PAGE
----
orn, were cleared at La Salle, lnd., fur Chicago on
the 15th inst.
07 According to the- report of the New Orleans
Chief of Police, during the last six months, one
tenth of the entire population were under arrest.
Truly a lamentale state of affairs.
gg TUE cost of the Eastern war to all the power8
engaged is estimated at 700,000 men and about
~'THE Rome .Soutberner states that Capt.
Chales A. Hailtp as lreadscnt forward
twenty-hr i abhr ~
pany will comprise about one hlundred men in all.
Fifty more will leave about the first of May, and
they will all concentrate at A tchison.
For the A dvertiser.
DEATH OF OLD SEP, THE yAIL0E'8 DOG.
Old Sep, is dead, thmat raithrul dog !
We never here shall see him mor
He used to wear a brindled coat
All stri'ped up and down before.
'Th~e poor old dog ! I knew him well!
lie used to guard the prisoner's cell ;'
But now~ his verdict lhas been given
I trust old Sep is gone to heaven.
HeI was a dog of courage too,
And that the pris'ners fully knew;
But I'defy the tongue to tell
if ever he guard another cell..
Old Sep 11I owed you no ill-will,
And if you were back, i'd feed you still;'
But as you're now among the blest,
We too enjoy some peaceful rest.
Oh ! if my root were on the bill
And you willi me, to life broughlt hack,
With what a right good hearty will
I'd put you on your favorite track !
Your bark was tedious, it is true,
And that the neighbo'rs all wvell knew;
But now that you can bark no more
It seems more tedious than before.
Ah well, old fell I no use to grumble,
As down the steeps of life we tumble ;
Of good and bad we'll make the best
And humbly wait the future's rest.
For the Advertiser.
Sitting in the corner
On a Sunday eve,a
With a soft fair hand
Resting on your sleeve ;
Starlike eyes are viewing
On your facethe light
Blless me; this is pleat-ant
Of a calm Sunday night.
How your heart is beating1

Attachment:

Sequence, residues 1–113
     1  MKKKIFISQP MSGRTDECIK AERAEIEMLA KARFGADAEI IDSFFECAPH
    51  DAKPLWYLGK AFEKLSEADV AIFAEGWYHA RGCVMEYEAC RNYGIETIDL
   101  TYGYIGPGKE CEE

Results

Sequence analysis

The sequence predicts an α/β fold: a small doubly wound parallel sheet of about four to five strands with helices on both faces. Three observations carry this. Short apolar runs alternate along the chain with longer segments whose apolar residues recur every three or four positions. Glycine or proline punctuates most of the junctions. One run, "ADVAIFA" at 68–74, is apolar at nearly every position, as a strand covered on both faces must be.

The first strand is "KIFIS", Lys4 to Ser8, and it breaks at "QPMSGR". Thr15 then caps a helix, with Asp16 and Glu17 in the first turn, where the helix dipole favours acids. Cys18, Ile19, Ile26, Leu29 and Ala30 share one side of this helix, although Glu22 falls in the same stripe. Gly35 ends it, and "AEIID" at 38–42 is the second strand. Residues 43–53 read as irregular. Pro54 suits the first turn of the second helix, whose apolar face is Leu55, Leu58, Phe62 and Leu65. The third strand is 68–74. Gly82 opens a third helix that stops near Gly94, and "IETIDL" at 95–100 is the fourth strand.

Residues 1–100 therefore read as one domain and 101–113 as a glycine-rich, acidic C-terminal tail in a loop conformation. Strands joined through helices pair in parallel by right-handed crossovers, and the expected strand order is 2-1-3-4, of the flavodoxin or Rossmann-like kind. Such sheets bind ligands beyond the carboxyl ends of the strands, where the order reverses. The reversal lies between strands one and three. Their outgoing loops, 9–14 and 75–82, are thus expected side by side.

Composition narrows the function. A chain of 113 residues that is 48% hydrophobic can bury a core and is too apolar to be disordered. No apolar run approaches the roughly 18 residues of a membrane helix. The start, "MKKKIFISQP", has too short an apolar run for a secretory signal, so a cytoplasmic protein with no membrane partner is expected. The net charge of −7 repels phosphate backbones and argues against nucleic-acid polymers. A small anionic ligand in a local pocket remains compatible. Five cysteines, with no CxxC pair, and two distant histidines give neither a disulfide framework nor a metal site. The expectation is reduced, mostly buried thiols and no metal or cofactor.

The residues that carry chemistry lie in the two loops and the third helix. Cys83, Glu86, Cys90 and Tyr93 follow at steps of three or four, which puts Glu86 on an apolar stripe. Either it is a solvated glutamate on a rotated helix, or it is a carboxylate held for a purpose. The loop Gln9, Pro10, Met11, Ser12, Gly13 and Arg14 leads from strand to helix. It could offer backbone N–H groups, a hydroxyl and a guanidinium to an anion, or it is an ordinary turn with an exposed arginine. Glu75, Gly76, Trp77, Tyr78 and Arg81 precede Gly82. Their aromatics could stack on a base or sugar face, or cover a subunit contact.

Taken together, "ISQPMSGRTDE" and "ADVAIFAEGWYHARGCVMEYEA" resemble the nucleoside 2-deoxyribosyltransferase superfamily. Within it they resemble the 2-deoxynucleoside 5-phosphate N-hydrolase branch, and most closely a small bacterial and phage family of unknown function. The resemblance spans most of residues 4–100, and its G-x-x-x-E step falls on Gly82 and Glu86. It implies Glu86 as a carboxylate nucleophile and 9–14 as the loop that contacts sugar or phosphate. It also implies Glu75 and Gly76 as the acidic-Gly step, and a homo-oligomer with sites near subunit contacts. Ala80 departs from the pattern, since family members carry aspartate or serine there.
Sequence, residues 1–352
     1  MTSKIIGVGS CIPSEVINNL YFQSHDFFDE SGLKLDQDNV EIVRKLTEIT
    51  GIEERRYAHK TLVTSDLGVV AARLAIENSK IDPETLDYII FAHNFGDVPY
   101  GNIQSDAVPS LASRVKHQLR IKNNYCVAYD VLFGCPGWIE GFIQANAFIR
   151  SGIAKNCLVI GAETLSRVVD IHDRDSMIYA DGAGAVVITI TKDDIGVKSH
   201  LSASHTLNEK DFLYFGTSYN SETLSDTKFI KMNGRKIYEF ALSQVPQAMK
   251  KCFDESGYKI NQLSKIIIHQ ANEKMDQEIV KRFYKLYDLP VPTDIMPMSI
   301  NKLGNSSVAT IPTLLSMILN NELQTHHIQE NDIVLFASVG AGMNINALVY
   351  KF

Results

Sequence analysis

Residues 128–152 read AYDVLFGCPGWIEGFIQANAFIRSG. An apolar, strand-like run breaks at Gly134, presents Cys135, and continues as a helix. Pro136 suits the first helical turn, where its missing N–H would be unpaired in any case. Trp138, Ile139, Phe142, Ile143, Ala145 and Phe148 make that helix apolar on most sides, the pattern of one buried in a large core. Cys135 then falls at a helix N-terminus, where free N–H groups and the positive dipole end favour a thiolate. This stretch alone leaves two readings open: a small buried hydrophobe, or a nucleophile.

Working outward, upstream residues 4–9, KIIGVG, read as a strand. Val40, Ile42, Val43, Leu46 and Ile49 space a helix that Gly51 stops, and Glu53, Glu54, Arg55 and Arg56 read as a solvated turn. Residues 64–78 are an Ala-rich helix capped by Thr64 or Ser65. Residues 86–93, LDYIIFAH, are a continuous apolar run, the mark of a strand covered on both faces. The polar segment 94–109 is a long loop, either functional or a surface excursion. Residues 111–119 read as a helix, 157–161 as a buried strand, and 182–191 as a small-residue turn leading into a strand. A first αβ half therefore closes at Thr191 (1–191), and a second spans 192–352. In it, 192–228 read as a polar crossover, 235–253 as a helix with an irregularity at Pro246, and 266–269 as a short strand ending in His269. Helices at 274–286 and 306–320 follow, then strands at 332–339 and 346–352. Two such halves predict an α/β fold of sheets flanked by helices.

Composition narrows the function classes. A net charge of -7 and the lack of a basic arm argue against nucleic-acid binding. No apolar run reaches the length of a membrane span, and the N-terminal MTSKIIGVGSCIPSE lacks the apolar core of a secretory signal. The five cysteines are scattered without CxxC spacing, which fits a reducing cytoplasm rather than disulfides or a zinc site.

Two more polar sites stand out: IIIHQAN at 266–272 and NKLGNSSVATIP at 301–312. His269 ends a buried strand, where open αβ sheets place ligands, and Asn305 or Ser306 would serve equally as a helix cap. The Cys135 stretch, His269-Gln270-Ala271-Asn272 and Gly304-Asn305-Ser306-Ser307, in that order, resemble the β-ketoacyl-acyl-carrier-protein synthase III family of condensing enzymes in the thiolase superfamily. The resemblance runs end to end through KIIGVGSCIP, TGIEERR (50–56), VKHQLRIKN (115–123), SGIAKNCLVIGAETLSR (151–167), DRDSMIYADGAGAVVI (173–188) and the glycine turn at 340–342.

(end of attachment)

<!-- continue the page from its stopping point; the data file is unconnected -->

' Gainst your Sunday vest I
Bless me ! aint it pleasant .
On this day of rest I
To have the one you love
Seated closely by your side,
The one that you have chosen
To'be your spirit's bride !
One arm, with gentle pressure,
Lingers round her waist;
You squeeze her tiny hands, P
Her sweeter lips you taste.
She freely slaps your face al
But more in love thtan spite- a
Oh ! eracky ! aint it pleasant p
Of a calm Sunday night !
But hark I the clock is striking
It's two, I do believe;
As sure as I'm a sinner.
The time has conme to leave-.p
Dh, how it grieves my heart de.
To leave tiy own true love ! i
But I know that we must part,
So adieu, thou pt etty dove I --
One, two, three, four sweet kisses
Fivo, six, seven, eight you snatch ; ~
Then thinking that you rob herJ
You give her back the batch.1
And as for home you huerry, tb
SFat from. the fair one's sight,
Dont you *ialh the whole diurnal
Was one long Sunday night ?
gg A bill has been introduced into the Legiula
rerecting three new Statds-out of tibe territory A
*New Oa!.aAN5Ai9 ~
By the arrival of the steamer Charles.Mrgaan $
chlessenger's defeat is confirmed. -He lost 50'
nen, and the remnant of his forcehad arrived at
Rivas. The result is attributed to Schlesenget's
.arelessness is not taking -precaution to prevent*a
iurprise, and to-hir cowardice when the-attack WU
Walker was in a good position, and was being
A battle had taken place at Aristopaka between -
14 Americans and 200 Costa Ricans, in which tbe
latter had been defeated with the loss of.50 killed.
TRUE TO THE COUNTty or Woo~rZ.,Jiin.%
MEG.-Our friend, Warren D. Wilkes. states It -
. letter to us, from which we publish.an extract
that the Directors of the Railroad from Augustj -
Ga, to Atlanta, would not pass the Abbeville
Company of Kansas Emigrants free, and, more
over, that the Directors were mostly Yankees, -
The Yankees in some respects are a great peo
pie; their enterprise has flung the iron horse.
bounding over the prairies, and their commerce.
w hitens the waters of every ocean. : But Yanw
kees have one tender .place. -apd that is. their
pocket.-Tihfttalk well enough, -butgive one,
a quarter, and he will plnch iuntil the 'agle. -
squalls. Yankees will grow patriotie on-In de...
pendence day, talk largely of BunkerHill and
Lexington, and darn the expense so longoas some.
one else will bear it. . We hope the Geg'gs .
press will give this same Board of Dirjectors
"hauling over the coals."-A derson G
NEGRO STEALING AND SUICIDE.-0eleartLs-,
from the Sumter Watchman, that .W F. Byrd,.
a m 'rehant of Sumter, who y arrested owthe
Bth instant, for stealing tp'slaves of Col. 3.1